As the end of the transition period nears, the EU must prepare for a fundamentally different and more conflictual relationship with the UK. Whatever the outcome of the Brexit negotiations, there will be profound economic, political and geopolitical implications for the EU.
While the EU as a whole might be better placed than the UK to absorb the economic shock of a no-deal, the fallout within the EU will be uneven, resulting in winners and losers. The asymmetrical impact and differential capacity and willingness of national governments to mitigate the shock could exacerbate regional disparities and unbalance the EU’s internal level playing field. As the economic realities of Brexit will be felt differently across the Union, it might become more difficult to maintain the same level of EU unity post-no-deal.
The EU-UK relationship can be expected to become more conflictual and competitive, particularly in the absence of common rules under a no-deal. Regardless of whether a deal is reached, the UK government’s willingness to breach international law is likely to have a lasting effect on trust and has brought an element of precariousness into the relationship. This lack of trust and predictability will also affect the EU’s and UK’s ability (and willingness) to amplify the other’s voice in the geopolitical and security sphere, at a time when the UK’s departure is weakening both sides’ respective weight and capabilities.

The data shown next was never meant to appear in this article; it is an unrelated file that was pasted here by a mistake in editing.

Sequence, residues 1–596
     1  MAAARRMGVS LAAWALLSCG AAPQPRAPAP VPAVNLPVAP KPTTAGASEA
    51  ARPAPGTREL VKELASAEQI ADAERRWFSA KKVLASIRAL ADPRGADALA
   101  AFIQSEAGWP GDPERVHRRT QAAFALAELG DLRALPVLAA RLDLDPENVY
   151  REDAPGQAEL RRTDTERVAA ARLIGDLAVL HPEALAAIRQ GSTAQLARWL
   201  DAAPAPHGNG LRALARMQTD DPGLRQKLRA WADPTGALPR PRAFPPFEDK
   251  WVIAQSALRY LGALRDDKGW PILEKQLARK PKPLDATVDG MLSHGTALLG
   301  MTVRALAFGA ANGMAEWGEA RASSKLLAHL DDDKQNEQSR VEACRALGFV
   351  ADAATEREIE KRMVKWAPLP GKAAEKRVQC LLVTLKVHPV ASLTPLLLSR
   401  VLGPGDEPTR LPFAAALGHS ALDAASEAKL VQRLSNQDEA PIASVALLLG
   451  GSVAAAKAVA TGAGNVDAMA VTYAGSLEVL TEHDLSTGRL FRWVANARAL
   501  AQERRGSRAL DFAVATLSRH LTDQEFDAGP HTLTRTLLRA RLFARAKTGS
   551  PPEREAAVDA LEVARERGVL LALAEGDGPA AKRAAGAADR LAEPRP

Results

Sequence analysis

All these negative repercussions will be intensified should the talks end in an acrimonious divorce. In any case, the potential for a no-deal by accident or design remains high. The only way to secure a deal at this point is for Boris Johnson to make a double U-turn on his red lines and the Internal Market Bill. Nevertheless, even so, the deal would be a thin and precarious one with low levels of trust, while the threat of further treaty breaches would impede the normalisation of the EU-UK relations. The EU, therefore, must anticipate a much more conflictual and difficult relationship, no matter the eventual outcome.
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Jannike Wachowiak is a Junior Policy Analyst in the Europe’s Political Economy Programme at the European Policy Centre.
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